Cerebral ischemia plays a major role in pathophysiology of the injured brain. Most of the currently available methods of cerebral blood flow (CBF) monitors are either indirect measure of CBF or needing radioactive agents for data acquisition. Arterial spin labeling magnetic resonance imaging (ASL-MRI) is a noninvasive method of measuring CBF. The aim of our study was to determine the differences in the CBF values between propofol and sevoflurane anesthesia using ASL-MRI technique in mechanically ventilated patients with cerebrovascular disease.Methods:
After ethics board approval and informed consent, we measured CBF in 4 patients with moyamoya disease, using a pseudo-continuous 3D ASL sequence available on a 3.0 T MRI scanner. Patients were anesthetized first with sevoflurane (1 MAC) and then anesthesia was converted to total intravenous anesthesia with propofol (100 to 125 μg/kg/min). When the patient was in a steady state with respect to anesthesia and normocapnia (baseline PETCO2), CBF was measured under both sevoflurane and propofol anesthesia.Results:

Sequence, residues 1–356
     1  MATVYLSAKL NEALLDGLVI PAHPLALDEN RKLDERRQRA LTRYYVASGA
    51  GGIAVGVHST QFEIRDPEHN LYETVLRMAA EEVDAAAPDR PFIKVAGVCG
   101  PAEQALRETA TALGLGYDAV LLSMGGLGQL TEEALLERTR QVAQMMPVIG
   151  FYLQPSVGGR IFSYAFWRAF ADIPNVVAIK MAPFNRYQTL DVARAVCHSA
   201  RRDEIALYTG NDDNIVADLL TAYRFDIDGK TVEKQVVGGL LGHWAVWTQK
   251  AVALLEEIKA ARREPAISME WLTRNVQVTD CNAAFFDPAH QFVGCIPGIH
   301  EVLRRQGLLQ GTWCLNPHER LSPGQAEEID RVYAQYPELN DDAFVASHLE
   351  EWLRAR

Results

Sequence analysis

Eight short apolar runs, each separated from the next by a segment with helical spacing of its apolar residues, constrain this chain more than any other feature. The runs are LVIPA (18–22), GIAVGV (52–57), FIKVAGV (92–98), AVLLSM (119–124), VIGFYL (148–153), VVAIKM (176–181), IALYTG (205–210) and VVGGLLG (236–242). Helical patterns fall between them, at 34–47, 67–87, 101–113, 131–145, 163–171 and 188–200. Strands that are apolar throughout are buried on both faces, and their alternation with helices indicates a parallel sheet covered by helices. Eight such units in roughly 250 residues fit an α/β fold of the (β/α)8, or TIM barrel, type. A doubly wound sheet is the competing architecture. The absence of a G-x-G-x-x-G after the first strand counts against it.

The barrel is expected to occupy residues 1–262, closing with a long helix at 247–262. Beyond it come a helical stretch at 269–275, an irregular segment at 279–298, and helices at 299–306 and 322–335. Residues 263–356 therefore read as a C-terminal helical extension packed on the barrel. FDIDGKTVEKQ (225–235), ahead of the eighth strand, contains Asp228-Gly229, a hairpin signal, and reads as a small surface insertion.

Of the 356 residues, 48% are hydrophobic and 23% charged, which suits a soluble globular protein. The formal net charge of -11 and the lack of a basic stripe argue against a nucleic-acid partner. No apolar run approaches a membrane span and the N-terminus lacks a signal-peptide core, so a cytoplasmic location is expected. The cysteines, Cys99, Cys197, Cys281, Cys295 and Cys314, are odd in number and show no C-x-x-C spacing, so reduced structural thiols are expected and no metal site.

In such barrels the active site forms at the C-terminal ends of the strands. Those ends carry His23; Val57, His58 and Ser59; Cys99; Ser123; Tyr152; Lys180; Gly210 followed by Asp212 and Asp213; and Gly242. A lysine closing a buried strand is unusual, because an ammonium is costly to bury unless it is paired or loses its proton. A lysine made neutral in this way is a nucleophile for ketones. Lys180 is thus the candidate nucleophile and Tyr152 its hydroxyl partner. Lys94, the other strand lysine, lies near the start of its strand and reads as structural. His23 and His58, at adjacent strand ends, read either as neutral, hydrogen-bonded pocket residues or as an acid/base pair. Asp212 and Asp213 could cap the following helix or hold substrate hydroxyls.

Quantitative estimation of both global and regional CBF was successfully performed in all patients. The mean global CBF in gray and white matter of all patients under propofol anesthesia were 38.4 and 31.6 mL/100 g/min, respectively. Similar values under sevoflurane anesthesia were 56.6 mL/100 g/min for gray matter and 42.5 mL/100 g/min for white matter.Conclusions:
ASL-MRI is a feasible, noninvasive method of quantitative estimation of global and regional CBF in mechanically ventilated patients under anesthesia. In this pilot study CBF was consistently greater with sevoflurane than with propofol.